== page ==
© 2009 Keith McWalter
Over the last weekend, I endured several hours trying to watch the British Open Golf Championship, broadcast via ABC/ESPN and via cable on the Golf Channel. I say “trying” because it was almost impossible to view it as a sporting event and not as a case study in the deep and ultimately pernicious ageism in which our culture in general — and sports media in particular – are steeped.
The problem, for the broadcasters and the viewers, was Tom Watson. He nearly won the darn thing, came within a wimpy putt of winning it, and for the four days in which he hung around the top of the leader board, not a sentence went by without some sports mouthpiece buffoon mentioning his age (59, in case you didn’t know) or, in a clever variation, that he was 2 months shy of 60, or that he would be the oldest man to win a major golf tournament since some Scottish Neanderthal did it during the Pleistocene, or without referring to him repeatedly as a “codger,” or an “old man,” or a “geezer,” all the while affecting astonishment that he was ambulatory, let alone in contention to win a major tournament.
Now Tom Watson, it turns out, is almost exactly my age, and the tournament was being held in my ancestral homeland, Scotland, so I was taking all this more than a little personally. I actually think I look considerably younger than Tom, who, having spent his life in a profession that requires continual exposure to a lot of UV rays, looked a bit leathernecked, wrinkly and sunspotted, and who, whether striding down a fairway or kicking back in an interview, seemed to be doing a dead-on bobble-headed imitation of a spry Ronald Reagan, permanent grin and all. He wasn’t giving 59 year olds a big boost in public perception about what a guy of that age looks like (though I think he made a lot of us feel better about our next trip to the dermatologist). But this wasn’t about looks; this was a damn golf tournament, and in that department he was an inspiration and a lesson to young and old.
So why not let it go at that? Why did his performance have to be measured almost exclusively in terms of his age? We were told repeatedly how amazing it was that “at his age,” he could “get parallel” (whatever that is – I think it has something to do with the club in relation to the ground on a backswing), how remarkable that he still had such flexibility and strength “at his age,” that a certain lie would be more difficult for a player “of his age,” and so on and so on. The announcing idiots had great fun subtracting one two-digit number from another in order to emphasize (as though this added anything!) the difference between Tom’s age and that of, say, a 22 year-old Brit who came in fourth. There was even an unforgettably irrelevant graphic portraying the names of legends of other sports who shared Tom Watson’s age (59, so you don’t forget), and the last time (invariably decades ago) they did anything of the least significance in their sport. What this proved, other than that golf is a physically more forgiving game than many (duh!), I have no idea, yet it was presented as though the Rosetta Stone had recently been decoded.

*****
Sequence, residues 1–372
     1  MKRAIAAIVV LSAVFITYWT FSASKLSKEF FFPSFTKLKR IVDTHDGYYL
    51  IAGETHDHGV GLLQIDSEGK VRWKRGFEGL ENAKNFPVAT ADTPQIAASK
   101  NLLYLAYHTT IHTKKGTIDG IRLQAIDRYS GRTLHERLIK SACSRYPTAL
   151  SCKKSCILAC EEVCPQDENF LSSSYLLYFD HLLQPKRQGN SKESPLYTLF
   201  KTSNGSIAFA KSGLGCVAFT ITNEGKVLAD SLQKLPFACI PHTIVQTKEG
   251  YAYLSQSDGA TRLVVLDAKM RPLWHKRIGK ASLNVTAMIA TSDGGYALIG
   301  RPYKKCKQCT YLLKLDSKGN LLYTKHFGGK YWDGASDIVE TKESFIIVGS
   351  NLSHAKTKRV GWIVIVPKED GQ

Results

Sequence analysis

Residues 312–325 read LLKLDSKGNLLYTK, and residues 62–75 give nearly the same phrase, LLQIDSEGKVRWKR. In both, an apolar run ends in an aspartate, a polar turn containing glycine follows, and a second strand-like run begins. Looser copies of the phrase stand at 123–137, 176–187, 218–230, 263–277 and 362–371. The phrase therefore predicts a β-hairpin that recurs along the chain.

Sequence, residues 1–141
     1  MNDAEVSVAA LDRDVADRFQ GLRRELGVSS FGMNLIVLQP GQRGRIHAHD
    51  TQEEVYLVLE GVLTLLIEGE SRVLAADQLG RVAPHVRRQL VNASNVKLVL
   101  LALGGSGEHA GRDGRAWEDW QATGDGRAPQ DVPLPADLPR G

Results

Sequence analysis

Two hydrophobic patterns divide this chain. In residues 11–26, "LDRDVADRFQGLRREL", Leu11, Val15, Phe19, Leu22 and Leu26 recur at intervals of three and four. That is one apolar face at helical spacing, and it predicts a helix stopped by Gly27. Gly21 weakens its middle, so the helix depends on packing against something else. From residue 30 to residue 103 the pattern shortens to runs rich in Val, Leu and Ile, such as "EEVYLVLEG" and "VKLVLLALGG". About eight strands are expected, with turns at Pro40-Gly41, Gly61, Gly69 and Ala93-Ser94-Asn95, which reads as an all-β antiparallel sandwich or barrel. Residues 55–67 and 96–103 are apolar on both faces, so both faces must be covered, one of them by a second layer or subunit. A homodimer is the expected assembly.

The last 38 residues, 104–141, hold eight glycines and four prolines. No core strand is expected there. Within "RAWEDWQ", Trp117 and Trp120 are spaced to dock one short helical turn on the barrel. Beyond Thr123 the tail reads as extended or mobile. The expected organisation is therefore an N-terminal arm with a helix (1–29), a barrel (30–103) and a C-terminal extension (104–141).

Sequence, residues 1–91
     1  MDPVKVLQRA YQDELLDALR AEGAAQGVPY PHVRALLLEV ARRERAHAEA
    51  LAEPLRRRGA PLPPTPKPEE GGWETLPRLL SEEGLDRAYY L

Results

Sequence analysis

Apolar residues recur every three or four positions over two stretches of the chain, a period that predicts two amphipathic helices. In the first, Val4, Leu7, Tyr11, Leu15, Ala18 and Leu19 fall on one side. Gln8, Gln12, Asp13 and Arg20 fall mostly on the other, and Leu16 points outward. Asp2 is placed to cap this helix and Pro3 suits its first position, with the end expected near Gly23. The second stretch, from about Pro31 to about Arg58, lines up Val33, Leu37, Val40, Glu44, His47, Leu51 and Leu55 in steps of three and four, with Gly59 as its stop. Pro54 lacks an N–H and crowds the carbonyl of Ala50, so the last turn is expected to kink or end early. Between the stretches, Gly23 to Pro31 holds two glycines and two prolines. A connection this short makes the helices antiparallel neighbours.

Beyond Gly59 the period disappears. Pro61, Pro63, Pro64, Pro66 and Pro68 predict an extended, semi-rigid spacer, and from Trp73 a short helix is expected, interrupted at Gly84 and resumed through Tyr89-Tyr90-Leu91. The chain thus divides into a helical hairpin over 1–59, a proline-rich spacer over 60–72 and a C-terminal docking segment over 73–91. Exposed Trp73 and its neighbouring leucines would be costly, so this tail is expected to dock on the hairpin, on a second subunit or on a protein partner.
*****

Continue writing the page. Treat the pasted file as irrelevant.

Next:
In point of fact the only thing I found remarkable about Watson’s performance was the same thing I would have found remarkable had Tiger Woods been in contention – namely, that he was beating a lot of other really good professional golfers. I know a lot of men of my and Tom’s age who do a lot of things a heck of a lot more strenuous than a few rounds of golf, who do them well and routinely, and think nothing of it. Many men of my and Tom Watson’s age are in the best physical shape of their lives, and enjoying it more to boot. There seems to be no good reason, in fact, why there couldn’t be proportionally as many men over 50 as under 50 in a given professional golf tournament, except for the fact that more of the over-50 guys have made enough money that they don’t have to show up anymore.
So when a Tom Watson wows the thirtysomething blatherers out of their headsets, pardon us if we’re not so amazed. What’s amazing is their naivete and lack of life experience. What’s amazing is their boorish and unrestrained prejudice about age and aging. What’s amazing is their sexism, too: never in million years would a woman over the age of 30 of any profession have had her age repeated on-air as frequently as Tom Watson’s was in the last four days, partly because it would have been rightly perceived as uncouth in the extreme, politically incorrect, and (correctly) irrelevant.
Sports media might better spend their time expressing amazement not at how old a player can be and still be competitive, but how young they are when so many of them quit, through burn-out, injury, stupid parents, or just plain lack of commitment to and respect for their sport. That last also comes with age.
It was Tom Watson’s strength, in fact, that proved his undoing in the end. He overshot the 18th green in the final regulation approach, and wildly overshot the hole on his return putt. That was the end. But perhaps that was better than the patronizing and unrelenting clamor over his age that we all would have been subjected to had his last putt gone in.